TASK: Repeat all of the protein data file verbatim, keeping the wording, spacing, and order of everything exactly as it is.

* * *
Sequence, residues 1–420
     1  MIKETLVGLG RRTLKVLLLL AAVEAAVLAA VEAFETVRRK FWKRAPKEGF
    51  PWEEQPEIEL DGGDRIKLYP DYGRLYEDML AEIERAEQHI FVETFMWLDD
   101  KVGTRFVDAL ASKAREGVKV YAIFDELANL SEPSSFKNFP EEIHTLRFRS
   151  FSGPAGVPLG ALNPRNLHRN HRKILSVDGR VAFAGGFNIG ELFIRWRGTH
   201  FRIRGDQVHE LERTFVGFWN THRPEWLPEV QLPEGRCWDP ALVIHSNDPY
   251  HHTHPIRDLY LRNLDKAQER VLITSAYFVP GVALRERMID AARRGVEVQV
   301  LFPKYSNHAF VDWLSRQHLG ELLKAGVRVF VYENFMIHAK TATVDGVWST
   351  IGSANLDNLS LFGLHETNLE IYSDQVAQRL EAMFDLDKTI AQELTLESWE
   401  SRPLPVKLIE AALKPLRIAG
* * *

Sequence, residues 1–420
     1  MIKETLVGLG RRTLKVLLLL AAVEAAVLAA VEAFETVRRK FWKRAPKEGF
    51  PWEEQPEIEL DGGDRIKLYP DYGRLYEDML AEIERAEQHI FVETFMWLDD
   101  KVGTRFVDAL ASKAREGVKV YAIFDELANL SEPSSFKNFP EEIHTLRFRS
   151  FSGPAGVPLG ALNPRNLHRN HRKILSVDGR VAFAGGFNIG ELFIRWRGTH
   201  FRIRGDQVHE LERTFVGFWN THRPEWLPEV QLPEGRCWDP ALVIHSNDPY
   251  HHTHPIRDLY LRNLDKAQER VLITSAYFVP GVALRERMID AARRGVEVQV
   301  LFPKYSNHAF VDWLSRQHLG ELLKAGVRVF VYENFMIHAK TATVDGVWST
   351  IGSANLDNLS LFGLHETNLE IYSDQVAQRL EAMFDLDKTI AQELTLESWE
   401  SRPLPVKLIE AALKPLRIAG